Her name was Liza. She was 8 years old and a second grader at Burton Elementary on the south side of Grand Rapids. We met on Thursdays at 1 in an unused classroom that smelled, as schools often do, of rubber erasers and citrus floor polish. I was in college, her reading tutor, and coaching her through vowel teams and diphthongs.
I asked her questions about her life, prompted by an innocuous and upbeat list the tutoring supervisor had distributed. What do you want to be when you grow up? (A teacher.) What’s your favorite TV show? (American Idol.) I told her she would have to stay in school and work hard, and it would be challenging, but wouldn’t it all be worth it someday when she has achieved her goal?
She wasn’t enthusiastic; she disliked school. I ached to connect with her and say the thing that would unlock her potential, ignite her ambition … and open the world for her. I wanted to change her life.
I asked her one day, “Who lives in your house with you?” She breezily listed off relatives: her mother; her brother, her brother’s girlfriend and their child; her cousin and her cousin’s baby; and her sister, who was also expecting.
“Wow,” I said, “that’s great.” I was suddenly aware of how generic my words sounded. “Stay in school,” I said to a young black girl at one of the lowest-ranked public schools in the state. “Work hard,” I said to a child at a school where 96 percent of students received free lunch because they live at or below the poverty line.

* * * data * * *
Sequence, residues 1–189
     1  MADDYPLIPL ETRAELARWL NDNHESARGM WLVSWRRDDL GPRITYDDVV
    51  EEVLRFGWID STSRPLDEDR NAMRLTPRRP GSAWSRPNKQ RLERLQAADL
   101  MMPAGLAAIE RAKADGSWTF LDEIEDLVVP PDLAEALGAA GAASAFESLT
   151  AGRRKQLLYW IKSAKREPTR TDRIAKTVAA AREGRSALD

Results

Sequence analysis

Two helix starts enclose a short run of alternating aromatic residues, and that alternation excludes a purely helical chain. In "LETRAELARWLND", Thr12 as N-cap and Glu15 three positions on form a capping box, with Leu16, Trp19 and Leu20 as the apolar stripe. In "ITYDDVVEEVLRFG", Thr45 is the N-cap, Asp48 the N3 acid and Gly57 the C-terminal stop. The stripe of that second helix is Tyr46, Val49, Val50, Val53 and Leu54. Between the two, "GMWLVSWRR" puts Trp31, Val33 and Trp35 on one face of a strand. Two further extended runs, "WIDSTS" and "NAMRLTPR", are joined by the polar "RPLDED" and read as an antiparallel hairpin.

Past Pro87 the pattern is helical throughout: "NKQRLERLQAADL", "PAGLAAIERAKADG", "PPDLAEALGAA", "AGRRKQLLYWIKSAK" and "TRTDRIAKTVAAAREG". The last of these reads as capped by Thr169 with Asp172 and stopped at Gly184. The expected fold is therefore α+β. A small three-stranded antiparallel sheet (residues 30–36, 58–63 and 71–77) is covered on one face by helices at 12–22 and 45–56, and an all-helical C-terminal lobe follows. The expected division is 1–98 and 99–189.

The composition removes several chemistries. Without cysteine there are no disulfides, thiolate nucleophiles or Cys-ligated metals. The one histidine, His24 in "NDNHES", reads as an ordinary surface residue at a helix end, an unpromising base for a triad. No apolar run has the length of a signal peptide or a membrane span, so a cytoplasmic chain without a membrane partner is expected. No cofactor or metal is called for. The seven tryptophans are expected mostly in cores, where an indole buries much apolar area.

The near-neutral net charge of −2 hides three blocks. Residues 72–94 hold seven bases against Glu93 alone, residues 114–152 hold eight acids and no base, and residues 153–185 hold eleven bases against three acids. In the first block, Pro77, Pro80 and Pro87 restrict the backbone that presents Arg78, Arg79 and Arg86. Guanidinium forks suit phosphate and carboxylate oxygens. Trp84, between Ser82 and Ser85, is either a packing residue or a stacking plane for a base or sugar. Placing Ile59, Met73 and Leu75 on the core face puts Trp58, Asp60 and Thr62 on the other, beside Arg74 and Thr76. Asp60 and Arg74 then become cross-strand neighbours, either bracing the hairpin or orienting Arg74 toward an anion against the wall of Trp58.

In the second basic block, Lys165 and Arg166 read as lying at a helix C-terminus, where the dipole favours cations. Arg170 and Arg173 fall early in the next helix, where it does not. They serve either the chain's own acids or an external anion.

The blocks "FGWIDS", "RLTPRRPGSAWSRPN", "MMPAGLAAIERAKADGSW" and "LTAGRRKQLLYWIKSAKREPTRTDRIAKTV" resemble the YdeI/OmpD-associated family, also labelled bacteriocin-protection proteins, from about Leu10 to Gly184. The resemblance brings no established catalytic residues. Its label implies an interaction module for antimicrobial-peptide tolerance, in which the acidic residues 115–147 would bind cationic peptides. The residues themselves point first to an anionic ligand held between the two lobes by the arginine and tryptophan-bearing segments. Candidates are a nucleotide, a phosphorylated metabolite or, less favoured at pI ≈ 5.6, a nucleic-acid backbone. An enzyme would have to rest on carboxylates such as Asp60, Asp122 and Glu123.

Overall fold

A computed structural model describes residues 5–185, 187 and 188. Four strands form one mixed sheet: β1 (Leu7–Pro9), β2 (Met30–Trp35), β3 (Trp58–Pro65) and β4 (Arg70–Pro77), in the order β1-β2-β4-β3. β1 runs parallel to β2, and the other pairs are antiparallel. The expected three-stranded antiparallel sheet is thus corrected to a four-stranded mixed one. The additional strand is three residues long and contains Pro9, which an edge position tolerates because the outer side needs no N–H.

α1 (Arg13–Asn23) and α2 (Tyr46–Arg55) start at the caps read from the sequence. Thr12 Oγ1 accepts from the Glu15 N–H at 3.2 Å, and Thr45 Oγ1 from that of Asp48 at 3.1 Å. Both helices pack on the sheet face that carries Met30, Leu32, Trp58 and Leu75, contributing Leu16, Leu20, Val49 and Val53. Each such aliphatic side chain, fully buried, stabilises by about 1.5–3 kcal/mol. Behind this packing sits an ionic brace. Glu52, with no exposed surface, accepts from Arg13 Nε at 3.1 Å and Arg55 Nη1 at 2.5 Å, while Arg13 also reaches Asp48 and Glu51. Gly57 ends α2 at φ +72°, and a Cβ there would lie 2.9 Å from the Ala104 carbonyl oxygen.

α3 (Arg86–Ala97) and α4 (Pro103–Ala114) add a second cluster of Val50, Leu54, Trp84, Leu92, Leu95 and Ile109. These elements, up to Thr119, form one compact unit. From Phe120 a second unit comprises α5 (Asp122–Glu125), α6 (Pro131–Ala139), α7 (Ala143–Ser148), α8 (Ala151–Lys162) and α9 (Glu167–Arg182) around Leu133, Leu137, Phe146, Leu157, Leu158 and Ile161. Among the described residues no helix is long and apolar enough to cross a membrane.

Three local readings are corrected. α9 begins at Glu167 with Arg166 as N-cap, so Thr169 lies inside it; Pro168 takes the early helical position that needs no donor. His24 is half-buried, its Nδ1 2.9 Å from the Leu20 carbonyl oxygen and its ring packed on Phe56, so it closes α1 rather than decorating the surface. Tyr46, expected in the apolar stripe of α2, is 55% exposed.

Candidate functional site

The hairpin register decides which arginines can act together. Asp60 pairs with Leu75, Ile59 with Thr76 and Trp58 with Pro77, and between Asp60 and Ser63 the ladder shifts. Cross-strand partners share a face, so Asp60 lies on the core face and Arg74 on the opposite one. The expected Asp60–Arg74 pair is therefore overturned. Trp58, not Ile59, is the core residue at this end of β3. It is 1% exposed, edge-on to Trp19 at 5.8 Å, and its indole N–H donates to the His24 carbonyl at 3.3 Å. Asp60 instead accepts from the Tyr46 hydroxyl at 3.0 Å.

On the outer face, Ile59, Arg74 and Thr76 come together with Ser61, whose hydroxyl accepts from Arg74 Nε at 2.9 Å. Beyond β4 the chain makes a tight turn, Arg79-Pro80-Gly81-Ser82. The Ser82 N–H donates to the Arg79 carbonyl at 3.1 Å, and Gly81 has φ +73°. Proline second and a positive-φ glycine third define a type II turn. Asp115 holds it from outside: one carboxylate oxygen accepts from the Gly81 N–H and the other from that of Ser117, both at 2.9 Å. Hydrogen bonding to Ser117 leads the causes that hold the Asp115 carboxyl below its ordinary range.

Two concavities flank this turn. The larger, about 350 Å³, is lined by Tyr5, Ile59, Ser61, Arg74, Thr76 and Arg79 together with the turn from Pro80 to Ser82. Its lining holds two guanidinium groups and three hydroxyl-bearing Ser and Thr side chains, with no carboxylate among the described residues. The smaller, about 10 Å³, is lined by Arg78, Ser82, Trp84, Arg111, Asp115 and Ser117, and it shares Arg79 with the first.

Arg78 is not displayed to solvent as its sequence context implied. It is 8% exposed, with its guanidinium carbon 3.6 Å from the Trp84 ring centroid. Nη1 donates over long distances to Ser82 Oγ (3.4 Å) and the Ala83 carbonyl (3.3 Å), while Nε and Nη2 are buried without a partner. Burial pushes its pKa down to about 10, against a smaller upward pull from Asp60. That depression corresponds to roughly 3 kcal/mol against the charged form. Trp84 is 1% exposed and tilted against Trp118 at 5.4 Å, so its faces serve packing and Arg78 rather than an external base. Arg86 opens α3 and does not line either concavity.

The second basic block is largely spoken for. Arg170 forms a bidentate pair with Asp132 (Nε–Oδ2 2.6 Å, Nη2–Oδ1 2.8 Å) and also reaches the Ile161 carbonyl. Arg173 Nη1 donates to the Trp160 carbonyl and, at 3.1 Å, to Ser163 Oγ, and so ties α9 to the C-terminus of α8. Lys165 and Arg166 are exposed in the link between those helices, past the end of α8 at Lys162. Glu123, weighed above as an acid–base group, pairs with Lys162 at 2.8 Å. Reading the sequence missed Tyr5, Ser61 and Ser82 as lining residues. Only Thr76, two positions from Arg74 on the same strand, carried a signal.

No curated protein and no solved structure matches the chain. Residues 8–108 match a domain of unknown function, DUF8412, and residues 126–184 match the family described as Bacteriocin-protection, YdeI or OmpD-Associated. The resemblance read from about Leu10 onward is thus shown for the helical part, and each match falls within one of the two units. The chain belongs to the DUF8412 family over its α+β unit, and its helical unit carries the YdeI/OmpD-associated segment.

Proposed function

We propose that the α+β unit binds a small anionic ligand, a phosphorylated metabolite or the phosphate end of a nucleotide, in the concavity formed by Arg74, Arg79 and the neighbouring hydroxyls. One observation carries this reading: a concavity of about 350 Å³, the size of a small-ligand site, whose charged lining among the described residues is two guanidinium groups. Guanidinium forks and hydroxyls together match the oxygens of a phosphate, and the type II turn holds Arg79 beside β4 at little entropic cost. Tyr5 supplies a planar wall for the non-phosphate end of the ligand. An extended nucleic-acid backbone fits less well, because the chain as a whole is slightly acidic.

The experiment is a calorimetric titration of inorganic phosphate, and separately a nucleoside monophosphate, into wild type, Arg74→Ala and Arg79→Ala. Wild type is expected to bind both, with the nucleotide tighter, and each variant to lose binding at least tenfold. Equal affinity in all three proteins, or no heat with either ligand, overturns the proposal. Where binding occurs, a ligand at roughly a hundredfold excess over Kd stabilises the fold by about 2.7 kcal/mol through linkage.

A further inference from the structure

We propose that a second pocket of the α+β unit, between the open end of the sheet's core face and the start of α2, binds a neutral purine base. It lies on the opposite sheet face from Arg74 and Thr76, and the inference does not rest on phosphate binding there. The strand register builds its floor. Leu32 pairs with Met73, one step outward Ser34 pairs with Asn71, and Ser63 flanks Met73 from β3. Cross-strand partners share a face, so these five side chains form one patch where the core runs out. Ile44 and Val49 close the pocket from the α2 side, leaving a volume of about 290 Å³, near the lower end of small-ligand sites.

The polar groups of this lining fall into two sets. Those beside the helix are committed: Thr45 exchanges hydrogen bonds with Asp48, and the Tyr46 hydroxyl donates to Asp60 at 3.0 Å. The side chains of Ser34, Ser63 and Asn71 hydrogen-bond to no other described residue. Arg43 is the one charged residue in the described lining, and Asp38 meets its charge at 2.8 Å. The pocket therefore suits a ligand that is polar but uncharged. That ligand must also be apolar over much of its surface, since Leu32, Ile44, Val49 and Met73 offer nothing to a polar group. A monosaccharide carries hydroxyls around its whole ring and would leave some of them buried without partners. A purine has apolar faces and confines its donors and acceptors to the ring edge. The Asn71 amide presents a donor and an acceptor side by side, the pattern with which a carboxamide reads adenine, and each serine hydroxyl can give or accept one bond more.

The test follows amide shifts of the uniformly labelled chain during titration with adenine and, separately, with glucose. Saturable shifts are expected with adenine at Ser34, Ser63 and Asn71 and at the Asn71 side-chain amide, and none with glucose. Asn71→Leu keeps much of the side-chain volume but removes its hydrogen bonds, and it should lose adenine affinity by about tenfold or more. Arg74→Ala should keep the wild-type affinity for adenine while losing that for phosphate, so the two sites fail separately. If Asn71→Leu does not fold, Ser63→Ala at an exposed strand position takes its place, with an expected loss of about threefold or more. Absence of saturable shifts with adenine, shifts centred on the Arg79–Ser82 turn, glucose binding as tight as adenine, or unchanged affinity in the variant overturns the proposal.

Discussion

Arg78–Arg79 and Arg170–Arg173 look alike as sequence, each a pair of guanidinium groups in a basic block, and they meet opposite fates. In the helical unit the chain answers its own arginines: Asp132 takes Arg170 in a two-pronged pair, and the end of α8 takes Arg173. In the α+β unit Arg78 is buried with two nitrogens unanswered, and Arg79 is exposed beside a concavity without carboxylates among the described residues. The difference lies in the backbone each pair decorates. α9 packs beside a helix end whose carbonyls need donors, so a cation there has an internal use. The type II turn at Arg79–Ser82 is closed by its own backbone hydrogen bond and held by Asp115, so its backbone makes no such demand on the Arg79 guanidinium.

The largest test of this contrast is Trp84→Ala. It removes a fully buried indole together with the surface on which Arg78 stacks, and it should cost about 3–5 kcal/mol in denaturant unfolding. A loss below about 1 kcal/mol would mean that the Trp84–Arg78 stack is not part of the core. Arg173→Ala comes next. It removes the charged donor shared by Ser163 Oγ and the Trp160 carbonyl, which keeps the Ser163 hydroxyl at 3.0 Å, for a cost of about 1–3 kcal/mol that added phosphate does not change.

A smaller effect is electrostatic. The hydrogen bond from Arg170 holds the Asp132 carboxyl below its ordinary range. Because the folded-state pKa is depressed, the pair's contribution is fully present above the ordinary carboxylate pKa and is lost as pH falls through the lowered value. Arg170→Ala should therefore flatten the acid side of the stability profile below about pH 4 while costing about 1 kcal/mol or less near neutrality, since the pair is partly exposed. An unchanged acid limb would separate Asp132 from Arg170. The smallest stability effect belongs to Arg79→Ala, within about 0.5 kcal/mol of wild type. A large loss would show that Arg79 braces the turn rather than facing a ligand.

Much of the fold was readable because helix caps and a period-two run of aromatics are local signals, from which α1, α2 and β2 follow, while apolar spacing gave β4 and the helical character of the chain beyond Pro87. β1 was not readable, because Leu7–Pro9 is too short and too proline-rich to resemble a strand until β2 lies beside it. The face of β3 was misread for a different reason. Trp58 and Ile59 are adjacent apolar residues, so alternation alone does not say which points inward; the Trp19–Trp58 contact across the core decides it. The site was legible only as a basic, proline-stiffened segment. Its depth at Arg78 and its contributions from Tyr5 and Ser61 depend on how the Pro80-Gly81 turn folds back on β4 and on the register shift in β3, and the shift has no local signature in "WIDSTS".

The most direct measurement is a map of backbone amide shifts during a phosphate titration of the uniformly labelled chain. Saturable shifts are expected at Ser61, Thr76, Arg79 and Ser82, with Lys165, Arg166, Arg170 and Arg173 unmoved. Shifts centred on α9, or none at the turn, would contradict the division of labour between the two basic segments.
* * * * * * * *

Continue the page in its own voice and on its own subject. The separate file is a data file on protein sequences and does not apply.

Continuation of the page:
I felt ashamed of my judgment of Liza’s circumstances — a confluence of generational poverty and teen pregnancy. Here I was with my deck of flashcards, hoping to “change her life,” when statistically speaking her fate was predetermined by her ZIP code. Providing Liza with supplemental tutoring was important, yes, but who was addressing why she and so many of her classmates were failing to learn basic reading concepts? Who was doing something about it?
I didn’t know what to say. So I smiled and moved on to consonants.
When asked why I went into nonprofit work, I recall this as the moment I was first compelled to work toward deeper societal change. I was uncomfortable benefiting from my position of privilege while not doing anything to address racial inequity. I was uncomfortable helping Liza learn phonics without acknowledging the gaps in educational opportunity that likely held her back.
I am 15 years into my nonprofit career and I am still uncomfortable with not doing more.
Like others who have chosen nonprofit service, I envision a “perfect” world where social issues are corrected at a systemic level. When pressed to engage in power-building activities such as grassroots lobbying or voter contact, however, many organizations get uncomfortable. Their board doesn’t have an advocacy policy. Their supporters believe nonprofits should just stick to their missions of providing direct programs and services. Nobody is comfortable being perceived as taking a political stance, especially at a time when issue advocacy and political partisanship are often inseparable. Better to just let lawmakers figure it out.